Flu-like symptoms range from chest pain to dizziness, nausea and headaches
THURSDAY, June 3 (HealthDay News) -- With the giant oil spill in the Gulf of Mexico now in its sixth week, reports of clean-up workers falling ill are on the rise.
"Within the past week, we've seen a number of workers hospitalized. That's new," said Dr. Gina Solomon, a senior scientist with the Natural Resources Defense Council.
More than a dozen workers have been treated at local medical centers for flu-like symptoms ranging from chest pain to dizziness, nausea and headaches, presumably due to exposure to different chemicals emanating from the slick, according to news reports.
The Unified Command in Louisiana -- a coalition of government agencies that includes the U.S. Coast Guard, the Department of the Interior and the National Parks Service -- last week called back to shore 125 boats helping with the clean-up after medical complaints from crew members.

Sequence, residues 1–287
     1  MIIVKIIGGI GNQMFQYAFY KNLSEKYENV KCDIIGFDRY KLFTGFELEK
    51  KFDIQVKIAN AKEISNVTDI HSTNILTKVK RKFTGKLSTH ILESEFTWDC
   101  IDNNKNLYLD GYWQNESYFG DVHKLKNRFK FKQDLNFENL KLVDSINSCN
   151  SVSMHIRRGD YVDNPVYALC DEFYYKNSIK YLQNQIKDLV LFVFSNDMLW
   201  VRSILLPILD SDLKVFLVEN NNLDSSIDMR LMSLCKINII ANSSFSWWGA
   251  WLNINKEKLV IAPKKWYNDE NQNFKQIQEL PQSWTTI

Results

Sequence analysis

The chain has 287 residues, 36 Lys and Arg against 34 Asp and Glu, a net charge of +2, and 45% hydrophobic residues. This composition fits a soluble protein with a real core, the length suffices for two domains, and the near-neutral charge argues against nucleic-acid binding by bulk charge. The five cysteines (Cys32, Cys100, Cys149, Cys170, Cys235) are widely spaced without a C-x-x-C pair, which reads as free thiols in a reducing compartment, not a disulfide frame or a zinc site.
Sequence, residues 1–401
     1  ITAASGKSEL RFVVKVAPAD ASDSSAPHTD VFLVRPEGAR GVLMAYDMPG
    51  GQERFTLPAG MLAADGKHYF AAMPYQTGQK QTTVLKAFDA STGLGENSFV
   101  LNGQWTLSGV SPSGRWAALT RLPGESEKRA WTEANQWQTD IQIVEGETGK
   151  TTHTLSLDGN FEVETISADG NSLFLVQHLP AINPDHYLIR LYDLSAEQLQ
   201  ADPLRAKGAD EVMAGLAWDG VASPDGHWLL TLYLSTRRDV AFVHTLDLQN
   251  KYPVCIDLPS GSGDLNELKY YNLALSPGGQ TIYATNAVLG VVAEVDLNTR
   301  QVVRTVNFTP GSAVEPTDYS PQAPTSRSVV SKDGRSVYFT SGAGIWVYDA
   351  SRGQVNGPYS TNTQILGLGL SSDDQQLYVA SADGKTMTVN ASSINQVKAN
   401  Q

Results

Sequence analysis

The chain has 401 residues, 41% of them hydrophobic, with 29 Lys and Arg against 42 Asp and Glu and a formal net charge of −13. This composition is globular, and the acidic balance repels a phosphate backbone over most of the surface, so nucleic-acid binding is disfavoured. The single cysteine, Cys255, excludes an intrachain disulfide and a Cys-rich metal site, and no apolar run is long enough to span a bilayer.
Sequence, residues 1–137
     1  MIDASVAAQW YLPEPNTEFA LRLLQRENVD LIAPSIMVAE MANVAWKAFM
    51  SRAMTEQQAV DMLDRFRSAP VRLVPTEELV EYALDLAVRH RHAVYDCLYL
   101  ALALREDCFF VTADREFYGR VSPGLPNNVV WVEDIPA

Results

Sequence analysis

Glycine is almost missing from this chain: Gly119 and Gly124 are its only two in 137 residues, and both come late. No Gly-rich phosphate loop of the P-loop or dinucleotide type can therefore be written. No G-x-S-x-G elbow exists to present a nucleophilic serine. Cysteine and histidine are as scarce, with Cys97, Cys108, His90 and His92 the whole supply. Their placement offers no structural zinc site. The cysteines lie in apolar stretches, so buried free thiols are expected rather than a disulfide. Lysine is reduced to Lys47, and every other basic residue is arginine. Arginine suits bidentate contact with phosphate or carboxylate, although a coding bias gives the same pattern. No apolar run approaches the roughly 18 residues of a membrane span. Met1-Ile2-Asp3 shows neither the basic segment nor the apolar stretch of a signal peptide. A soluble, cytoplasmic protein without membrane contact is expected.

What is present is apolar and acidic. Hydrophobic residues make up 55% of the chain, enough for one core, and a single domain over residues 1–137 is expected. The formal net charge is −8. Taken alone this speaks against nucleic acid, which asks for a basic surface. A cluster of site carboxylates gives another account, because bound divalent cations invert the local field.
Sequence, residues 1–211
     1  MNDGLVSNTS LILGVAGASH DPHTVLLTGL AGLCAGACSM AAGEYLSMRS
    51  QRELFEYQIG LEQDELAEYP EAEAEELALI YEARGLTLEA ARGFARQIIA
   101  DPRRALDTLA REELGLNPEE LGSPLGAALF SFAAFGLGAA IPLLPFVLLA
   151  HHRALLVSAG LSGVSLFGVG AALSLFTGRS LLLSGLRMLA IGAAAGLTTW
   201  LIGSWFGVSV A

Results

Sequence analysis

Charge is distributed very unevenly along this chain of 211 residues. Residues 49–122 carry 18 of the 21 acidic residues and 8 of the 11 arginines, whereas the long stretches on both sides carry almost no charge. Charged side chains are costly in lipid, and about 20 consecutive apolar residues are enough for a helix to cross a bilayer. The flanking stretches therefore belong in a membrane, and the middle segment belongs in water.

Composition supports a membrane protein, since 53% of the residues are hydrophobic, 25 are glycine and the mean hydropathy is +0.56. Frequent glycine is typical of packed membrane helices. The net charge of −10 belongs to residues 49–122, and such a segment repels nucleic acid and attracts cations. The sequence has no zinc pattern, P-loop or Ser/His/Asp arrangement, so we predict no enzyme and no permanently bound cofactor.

"The reports that we've heard from hospitals and doctors have been [that the symptoms are due to] inhaled irritant exposure, but they've not gone so far as to say what exactly they think the responsible agent might be," Solomon said. "The workers are widely blaming the dispersants."
Dispersants are chemicals used for the oil clean-up. The solvent used after the massive 1989 Exxon Valdez oil spill off the Alaska coast, for example, was limonene, which can cause skin inflammation and asthma, said Robert Emery, vice president for safety, health, environment and risk management at the University of Texas Health Science Center at Houston.
"There's no doubt that people are getting sick out there [in the Gulf of Mexico]," Emery said. "The key question is what is it that is causing them to get sick."
BP's Deepwater Horizon exploded and sank in the Gulf of Mexico about 40 miles south of Louisiana on April 20, killing 11 workers and spewing an estimated 21 mi
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